• Or to be exact, "normal" people with undead bodies, at least if you don't count Varimathras and the evil royal apothecary society
          • To be fair, the city was razed by the faction that made them rather than the splinter group that lives there now.
    • Foe Mansion in La Tale, complete with Frankenstein-esque monsters and ghosts.
    • Kuon features a cursed medieval Japanese mansion.
    • The gothic Castle in Amnesia the Dark Descent is located in thick Prussian forests which the locals are afraid to enter as it is supposedly haunted by the deserters of wars.
    • Warden's Keep from Dragon Age: Origins is an abandoned fortress inhabited by roaming undead, demons, ghosts and a centuries-old blood mage trying desperately to hold back a demonic invasion from the Fade.
    • Mundus's castle in the first Devil May Cry. Dante's not spooked easily, but it's filled with eerie contraptions and horrific demons.
    • Fatal Frame features Himuro Mansion for the first game and the Mansion of Sleep for the third. Both are big. Both are spooky. Both are designed to make sure you never come out again, dead or alive.
    • Quest for Glory IV has Castle Borgov, home to ghosts, vampires, ogres, and Toby.
    • The ruins of New Londo in Dark Souls, the remains of a once-great city flooded to seal away the Darkwraiths. It's now filled with ghosts, who are quite nasty,requiring the player to either be cursed or use special weapons to hurt them.
    • Almia Castle from Pokemon Rangers: Shadows of Almia is completely devoid of human life and crawling with ghost and psychic type pokemon. It's also covered in ice.
    • Hang Castle Zone in Sonic Heroes is filled with ghosts and witches and sprawls out as far as the eye can see. The following stage, Mystic Mansion, is set on the inside, with the final area on the roof at dawn, having survived the many traps within. The reason Sonic is here is because he's spotted a Chaos Emerald in the castle.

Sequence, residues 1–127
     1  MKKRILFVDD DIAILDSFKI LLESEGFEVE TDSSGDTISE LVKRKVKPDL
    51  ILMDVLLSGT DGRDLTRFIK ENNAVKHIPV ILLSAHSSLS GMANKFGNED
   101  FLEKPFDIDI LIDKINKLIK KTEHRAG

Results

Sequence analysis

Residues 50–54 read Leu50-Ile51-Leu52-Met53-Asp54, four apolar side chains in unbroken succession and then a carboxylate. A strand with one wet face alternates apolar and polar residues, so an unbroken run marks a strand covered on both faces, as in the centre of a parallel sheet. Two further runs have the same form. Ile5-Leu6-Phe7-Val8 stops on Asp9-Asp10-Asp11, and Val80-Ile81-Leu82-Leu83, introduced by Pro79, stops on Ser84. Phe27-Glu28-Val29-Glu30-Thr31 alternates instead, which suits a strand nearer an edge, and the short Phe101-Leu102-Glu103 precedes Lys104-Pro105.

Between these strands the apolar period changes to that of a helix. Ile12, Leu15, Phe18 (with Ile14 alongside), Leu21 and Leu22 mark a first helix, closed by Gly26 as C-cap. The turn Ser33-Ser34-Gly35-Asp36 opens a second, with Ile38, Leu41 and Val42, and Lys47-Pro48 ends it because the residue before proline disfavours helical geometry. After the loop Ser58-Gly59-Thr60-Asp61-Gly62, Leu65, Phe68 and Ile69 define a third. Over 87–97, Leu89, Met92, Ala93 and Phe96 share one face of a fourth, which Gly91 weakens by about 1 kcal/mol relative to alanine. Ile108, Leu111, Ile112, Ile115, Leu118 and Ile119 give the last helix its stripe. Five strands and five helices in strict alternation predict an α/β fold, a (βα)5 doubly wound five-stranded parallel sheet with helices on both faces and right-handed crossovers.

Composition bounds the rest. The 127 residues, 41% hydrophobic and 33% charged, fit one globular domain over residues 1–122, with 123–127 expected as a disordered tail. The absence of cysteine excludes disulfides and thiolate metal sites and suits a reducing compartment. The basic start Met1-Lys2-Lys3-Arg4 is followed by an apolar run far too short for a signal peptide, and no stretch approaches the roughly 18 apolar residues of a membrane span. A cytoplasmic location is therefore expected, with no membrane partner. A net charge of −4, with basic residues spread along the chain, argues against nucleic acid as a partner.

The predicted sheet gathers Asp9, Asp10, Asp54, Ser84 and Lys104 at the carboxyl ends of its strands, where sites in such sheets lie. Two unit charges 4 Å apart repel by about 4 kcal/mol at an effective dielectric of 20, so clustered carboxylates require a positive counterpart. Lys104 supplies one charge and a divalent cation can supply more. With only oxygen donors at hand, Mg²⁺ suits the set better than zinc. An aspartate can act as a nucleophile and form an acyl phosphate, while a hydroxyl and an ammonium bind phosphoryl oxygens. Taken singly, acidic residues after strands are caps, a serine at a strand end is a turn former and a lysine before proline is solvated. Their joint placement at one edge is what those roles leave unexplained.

• The Girl Genius webcomic has Castle Heterodyne. The ruined steampunk castle may not actually be haunted, but it's stuffed full of deathtraps, and its broken artificial intelligence tends to kill the people trying to repair it.
    • The upcoming Grave Academy, while not a comic per se, it is a Forum/RPG, that centers around a school for monsters which is located in such a castle.

    Western Animation

    • Ghosts always seemed to love that old haunted castle on the outskirts of town, in The Ghost Busters.
    • Subverted in many Looney Tunes cartoons
    • Bender's uncle Vlad's castle in the Futurama episode "The Honking". Near the village of Thermostadt, it was "haunted" by holograms of his dead ancestors.
    • And of course many adventures of Scooby Doo and friends.
    • Richard Tyler, in The Pagemaster, has to go through Dr. Jekyll's 'spooky' mansion (complete with dark clouds, lightning, bats, a full moon, and a kind of gravestone in the front saying that it belongs to him).
    • The Beast's castle in Beauty and the Beast. As the Beast gradually gets nicer, the action takes us further and further into the section of the castle that has pretty, neo-Classical architecture, until the curse is cured at the end and the whole building is like that.
    • Castle Wyvern in Gargoyles has this reputation, although we never see any ghosts in the castle itself.

    Real Life

    • Given that castles' whole purpose was to provide strongholds for military authority, the abundance of ghost stories which arise from their typically-bloody histories is hardly a surprise.
    • Windsor Castle for example is supposed to be haunted by the sad and shabby ghost of King George III who spent his last years there chatting up the shrubbery under the impression it was brother monarchs and being tormented by the doctors trying to cure him. And the ghost of Queen Elizabeth I still briskly walks the gallery she built for exercise on rainy days which is now the library.
    • The Tower of London is even more haunted for obvious reasons. The murdered princes Edward V and Richard Duke of York are seen playing around the White Tower, the headless ghost of Anne Boleyn stalks the halls terrifying the Yeoman Warders and so on.
    • Scotland is full of them. Most Scottish castles seem to have a ghost, though a couple of standouts are Edinburgh, Glamis and Fyvie. Here is a very incomplete list.